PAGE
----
Miso gets a bad rep because of its high sodium content – around 634mg per tablespoon, which is around a third of our recommended daily limit of 2,000mg.
But it’s not all bad news. Based on a study by Kyoritsu Women’s University, the nutrients in this umami-rich paste actually slows down the absorption of sodium in the gastrointestinal tract, so it doesn’t spike hypertension the same way ingesting sodium from regular salt does. It also has anti-cancer, antiageing and digestion-improving benefits. Still, it’s good to keep your overall sodium levels in mind and consume this fermented soya product in moderation.
Here are creative, tasty ways to use it:
WHIP UP NEW SAUCES
Punch up a ho-hum pesto or tomato sauce with a teaspoon of light to medium miso. You can also add the bean paste to salad dressings to round out the astringency from the acids. If you’re a pasta lover, try a healthier new spin on classic cream sauce. Heat up your chopped alliums in some oil, swop cream for milk, and stir in a tablespoonful of miso when the milk starts to simmer for richness. Plopping in some wasabi at the end will also liven up this tasty dish.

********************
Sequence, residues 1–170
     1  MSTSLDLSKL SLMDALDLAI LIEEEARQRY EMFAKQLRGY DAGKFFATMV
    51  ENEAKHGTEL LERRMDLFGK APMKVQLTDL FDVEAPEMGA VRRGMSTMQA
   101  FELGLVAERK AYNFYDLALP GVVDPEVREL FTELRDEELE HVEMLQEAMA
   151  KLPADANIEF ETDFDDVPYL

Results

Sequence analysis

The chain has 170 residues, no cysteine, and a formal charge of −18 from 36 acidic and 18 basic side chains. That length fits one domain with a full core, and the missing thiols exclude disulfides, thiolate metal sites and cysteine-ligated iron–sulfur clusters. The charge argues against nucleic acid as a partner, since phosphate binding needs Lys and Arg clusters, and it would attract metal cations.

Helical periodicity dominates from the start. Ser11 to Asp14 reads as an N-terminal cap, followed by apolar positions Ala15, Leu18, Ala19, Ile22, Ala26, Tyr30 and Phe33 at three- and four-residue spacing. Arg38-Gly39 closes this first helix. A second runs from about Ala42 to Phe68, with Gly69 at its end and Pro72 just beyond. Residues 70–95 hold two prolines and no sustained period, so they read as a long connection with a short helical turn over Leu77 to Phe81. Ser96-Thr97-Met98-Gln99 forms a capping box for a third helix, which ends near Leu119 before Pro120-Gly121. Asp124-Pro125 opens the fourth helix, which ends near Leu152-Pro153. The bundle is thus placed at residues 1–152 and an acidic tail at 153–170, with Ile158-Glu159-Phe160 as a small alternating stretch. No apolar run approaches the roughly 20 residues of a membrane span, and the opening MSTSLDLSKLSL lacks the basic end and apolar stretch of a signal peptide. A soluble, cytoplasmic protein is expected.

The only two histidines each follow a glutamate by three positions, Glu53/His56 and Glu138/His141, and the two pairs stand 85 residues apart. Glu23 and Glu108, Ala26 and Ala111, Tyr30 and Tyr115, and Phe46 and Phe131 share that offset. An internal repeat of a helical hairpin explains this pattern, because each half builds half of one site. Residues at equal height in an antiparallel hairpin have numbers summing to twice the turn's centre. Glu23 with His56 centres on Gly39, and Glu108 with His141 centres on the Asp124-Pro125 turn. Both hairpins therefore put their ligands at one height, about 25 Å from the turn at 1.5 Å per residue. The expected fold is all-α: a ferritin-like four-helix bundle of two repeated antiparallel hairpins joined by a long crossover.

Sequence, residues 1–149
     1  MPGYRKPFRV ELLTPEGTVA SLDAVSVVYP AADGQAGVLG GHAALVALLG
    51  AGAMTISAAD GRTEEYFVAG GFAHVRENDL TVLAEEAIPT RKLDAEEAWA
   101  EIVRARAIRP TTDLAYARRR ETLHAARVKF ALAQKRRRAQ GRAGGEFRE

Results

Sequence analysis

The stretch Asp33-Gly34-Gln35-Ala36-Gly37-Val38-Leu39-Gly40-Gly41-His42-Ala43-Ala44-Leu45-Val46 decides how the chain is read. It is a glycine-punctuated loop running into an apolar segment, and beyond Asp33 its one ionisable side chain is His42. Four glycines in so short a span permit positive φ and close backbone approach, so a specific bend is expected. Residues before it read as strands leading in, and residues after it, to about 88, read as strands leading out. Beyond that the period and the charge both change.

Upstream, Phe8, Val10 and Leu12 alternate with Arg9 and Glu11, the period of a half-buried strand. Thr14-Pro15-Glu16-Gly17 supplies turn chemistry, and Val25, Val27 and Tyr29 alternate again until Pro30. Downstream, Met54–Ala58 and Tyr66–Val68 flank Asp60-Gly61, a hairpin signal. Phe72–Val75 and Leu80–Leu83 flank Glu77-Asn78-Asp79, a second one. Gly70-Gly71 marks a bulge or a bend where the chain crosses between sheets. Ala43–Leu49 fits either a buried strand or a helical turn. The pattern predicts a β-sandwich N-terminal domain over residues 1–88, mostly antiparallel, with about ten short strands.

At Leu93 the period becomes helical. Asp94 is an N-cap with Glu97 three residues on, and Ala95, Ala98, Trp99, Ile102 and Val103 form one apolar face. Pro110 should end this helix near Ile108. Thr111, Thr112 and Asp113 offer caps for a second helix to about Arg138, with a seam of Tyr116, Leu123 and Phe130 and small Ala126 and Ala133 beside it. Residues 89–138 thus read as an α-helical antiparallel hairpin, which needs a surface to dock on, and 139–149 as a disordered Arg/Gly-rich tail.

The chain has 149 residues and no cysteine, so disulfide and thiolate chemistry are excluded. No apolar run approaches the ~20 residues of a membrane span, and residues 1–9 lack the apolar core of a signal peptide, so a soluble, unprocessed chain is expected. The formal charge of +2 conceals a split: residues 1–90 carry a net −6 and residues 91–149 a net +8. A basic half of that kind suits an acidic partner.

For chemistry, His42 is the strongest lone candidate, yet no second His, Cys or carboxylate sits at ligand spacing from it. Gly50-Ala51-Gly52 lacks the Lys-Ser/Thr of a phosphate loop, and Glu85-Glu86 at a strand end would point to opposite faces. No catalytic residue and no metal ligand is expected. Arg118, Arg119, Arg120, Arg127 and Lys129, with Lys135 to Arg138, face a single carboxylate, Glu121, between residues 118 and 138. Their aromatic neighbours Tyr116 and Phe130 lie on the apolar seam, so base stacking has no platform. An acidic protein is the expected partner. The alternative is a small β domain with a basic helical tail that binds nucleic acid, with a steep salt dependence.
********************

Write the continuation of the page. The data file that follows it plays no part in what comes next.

CREATE DELICIOUS MARINADES
Besides soya sauce, you can also loosen up some miso with a touch of water to marinade meats, seafood and veggies.
Alternatively, to preserve more of miso’s health benefits, mix up the paste with a bit of water and honey, and brush it onto your foods after grilling. A sprinkling of sesame to top off the dish will make it look and taste even more spectacular.
ENRICH YOUR STOCKS
A tiny spoonful of miso will boost any veggie, fish or meat stock. Darkerhued miso pastes are good in stews, too, but remember to only season your dish with salt afterwards, if needed, or the end result may be too briny.
SWOP OUT THE SEA SALT